Here on the fourth day of the HP Technology Forum, customers have told stories of their plans and accomplishments moving off the 3000 and onto other platforms. Attendees at the Forum are migration-minded, mostly, some with field experience in moving apps to HP-UX and Windows. Others are still in the planning stage, but nearly every body in the lightly-attended e3000 sessions kept migration as their primary mission.
At the same time, most of HP's 3000 experts have taken to the skies by today. The exhibition floor closed last night with a well-attended food and free drinks reception: Asian shrimp salad (some wags warned their pals to 'watch the spinach") well-heeled wedges of cheeses, fruits and assorted pastry confections, beers from Bud Light to Heineken and Texas' favorite, Shiner Bock.
While we all held what must have been the smallest reception plates in my memory, we talked about the future for the moving 3000 shop. George Willis of investment firm Fayez Sarofim said his multiple N-Class installation will become an HP-UX Integrity shop in 18 months. He's moving an application with some modules more than 20 years old, taking the transfer as the first phase of his project. Willis has been a happy 3000 user, but simply faced with needing IT resources a homesteaded site would struggle to provide. Like many, Willis says he will shed a tear when the 3000 lights go out, sometime in 2008.
HP showed off the power and value of its newest entry-level Integrity systems, the rx3600 and rx6600, at a briefing late yesterday. These systems promise an 82 percent improvement in power by using the Montecito chips from Intel's Itanium line. These chips have been long in coming; HP was talking about a production release of Montecito-based servers for late 2005.
But the 3600 has a four-way, dual core processor capability, and the 6600 goes 8-way with dual cores. A customer can get into a 3600 for about $30,000, according to Integrity reseller and 3000 expert Terry Floyd of the Support Group and Entsgo. The new systems also feature a new kind of drive, the Serial Attached SCSI devices. HP called the peripherals "the new universal drive," smaller in form factor and including a mirroring functionality right on the drive. It's not RAID 5, HP said, but it will eliminate the need for Mirrored Disk UX in mission-critical environments.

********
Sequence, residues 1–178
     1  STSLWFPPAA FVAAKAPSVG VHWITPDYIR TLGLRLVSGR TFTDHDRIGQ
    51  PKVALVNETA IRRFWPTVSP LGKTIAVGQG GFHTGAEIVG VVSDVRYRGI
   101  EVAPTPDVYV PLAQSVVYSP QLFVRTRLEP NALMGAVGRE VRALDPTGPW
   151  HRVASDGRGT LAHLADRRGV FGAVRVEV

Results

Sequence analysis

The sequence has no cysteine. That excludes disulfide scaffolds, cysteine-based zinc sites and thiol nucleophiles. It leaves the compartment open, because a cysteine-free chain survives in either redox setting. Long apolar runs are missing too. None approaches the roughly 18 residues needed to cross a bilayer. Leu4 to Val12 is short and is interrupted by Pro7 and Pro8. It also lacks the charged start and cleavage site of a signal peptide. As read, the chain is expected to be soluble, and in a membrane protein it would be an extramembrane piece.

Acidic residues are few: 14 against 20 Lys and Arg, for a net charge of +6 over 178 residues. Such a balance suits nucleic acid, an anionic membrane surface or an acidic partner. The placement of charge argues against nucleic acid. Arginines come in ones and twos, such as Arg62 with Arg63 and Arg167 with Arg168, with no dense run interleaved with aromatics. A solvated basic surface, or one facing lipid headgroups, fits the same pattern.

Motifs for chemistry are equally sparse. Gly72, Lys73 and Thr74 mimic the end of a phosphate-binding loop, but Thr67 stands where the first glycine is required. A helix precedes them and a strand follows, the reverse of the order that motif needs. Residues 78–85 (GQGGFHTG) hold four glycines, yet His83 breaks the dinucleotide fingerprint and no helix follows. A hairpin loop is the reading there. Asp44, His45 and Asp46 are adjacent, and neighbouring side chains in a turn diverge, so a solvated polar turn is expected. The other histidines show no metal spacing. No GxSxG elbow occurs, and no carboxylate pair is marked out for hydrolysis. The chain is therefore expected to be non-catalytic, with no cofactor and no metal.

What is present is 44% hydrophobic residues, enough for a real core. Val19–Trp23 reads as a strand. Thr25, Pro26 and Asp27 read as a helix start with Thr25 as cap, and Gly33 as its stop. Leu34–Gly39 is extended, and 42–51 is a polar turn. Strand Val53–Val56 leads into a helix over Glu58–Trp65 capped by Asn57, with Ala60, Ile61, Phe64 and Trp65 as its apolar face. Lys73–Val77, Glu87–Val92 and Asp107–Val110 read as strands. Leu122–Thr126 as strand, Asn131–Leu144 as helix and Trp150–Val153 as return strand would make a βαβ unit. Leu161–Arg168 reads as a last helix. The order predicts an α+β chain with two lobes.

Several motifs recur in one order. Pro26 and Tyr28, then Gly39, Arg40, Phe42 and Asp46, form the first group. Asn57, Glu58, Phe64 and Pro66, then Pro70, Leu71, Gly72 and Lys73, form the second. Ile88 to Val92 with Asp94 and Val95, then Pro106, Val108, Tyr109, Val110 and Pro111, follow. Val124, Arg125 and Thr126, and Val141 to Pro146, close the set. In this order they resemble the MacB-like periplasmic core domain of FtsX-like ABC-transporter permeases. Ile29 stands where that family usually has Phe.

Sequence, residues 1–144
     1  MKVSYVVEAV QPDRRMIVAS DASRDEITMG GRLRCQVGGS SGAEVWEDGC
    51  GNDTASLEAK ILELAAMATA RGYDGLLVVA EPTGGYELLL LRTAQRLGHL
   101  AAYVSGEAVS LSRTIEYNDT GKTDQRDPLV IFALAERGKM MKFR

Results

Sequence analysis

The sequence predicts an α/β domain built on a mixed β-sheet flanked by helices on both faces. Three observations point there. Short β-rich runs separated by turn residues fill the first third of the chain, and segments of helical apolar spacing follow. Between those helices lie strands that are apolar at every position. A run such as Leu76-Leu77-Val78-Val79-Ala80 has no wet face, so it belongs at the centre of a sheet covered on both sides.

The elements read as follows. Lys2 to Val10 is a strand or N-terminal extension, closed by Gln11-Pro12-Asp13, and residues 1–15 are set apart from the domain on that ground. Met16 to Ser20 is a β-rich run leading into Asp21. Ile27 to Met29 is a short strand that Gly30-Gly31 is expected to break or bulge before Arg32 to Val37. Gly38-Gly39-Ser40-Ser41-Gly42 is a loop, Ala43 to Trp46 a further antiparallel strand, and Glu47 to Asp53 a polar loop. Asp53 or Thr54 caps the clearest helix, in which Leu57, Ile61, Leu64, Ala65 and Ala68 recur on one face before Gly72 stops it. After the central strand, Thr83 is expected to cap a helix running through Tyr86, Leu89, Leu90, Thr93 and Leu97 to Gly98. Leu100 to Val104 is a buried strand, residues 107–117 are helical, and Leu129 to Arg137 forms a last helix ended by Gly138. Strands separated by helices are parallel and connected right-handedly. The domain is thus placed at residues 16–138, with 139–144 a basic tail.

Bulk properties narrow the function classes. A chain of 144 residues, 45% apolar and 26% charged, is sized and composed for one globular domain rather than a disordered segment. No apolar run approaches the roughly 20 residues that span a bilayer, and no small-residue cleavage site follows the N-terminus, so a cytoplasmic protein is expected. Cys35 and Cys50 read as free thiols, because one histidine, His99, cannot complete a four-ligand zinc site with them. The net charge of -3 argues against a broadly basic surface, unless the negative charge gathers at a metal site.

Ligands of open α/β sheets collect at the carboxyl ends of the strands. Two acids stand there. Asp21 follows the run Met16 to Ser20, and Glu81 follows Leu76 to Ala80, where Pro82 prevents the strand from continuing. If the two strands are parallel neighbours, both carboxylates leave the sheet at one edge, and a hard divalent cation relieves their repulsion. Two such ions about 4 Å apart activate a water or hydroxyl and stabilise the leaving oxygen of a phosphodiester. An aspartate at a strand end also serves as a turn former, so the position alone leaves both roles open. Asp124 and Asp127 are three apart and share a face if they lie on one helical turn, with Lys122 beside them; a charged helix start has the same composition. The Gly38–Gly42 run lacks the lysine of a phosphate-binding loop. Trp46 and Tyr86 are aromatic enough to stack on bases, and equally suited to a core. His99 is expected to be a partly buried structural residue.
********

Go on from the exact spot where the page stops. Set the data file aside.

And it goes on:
The greatest improvement that HP adds to the industry-wide Montecito is HP's zx2 chipset, providing 33 percent more CPU bus bandwidth than the zx1 and 66 percent more memory bus bandwidth. The chipset also includes a ROM cache to decrease boot time. Using HP-UX still requires reboots to patch up security vulnerabilities, although the vendor is working on HP-UX technology to integrate more of those weekly patches without bringing an Integrity server down.
HP also talked about discontinuance of these newest hardware models. In today's HP-speak, "discontinuance is not obsolescence" because a server user can still buy upgrades for a year after discontinuance. Then HP pulls the Integrity server into a maintenance support phase, something like the five years and counting which MPE/iX has had. This discontinuance calendar is something for HP 3000 buyers of even the newest Integrity systems to watch. The popular rx4640, rx2620 and even the bare-bones rx1620 are headed for a discontinuance in about a year.
HP gives these 4640 and 2620 customers an upgrade kit to get the faster Montecito processors into their systems. 4640 and 2620 Integrity units must make do with their slower zx1 chipsets, however. The newest entry-level 3600 and 6600 servers are headed for a 2009 discontinuance, which amounts to about a three-year active life cycle.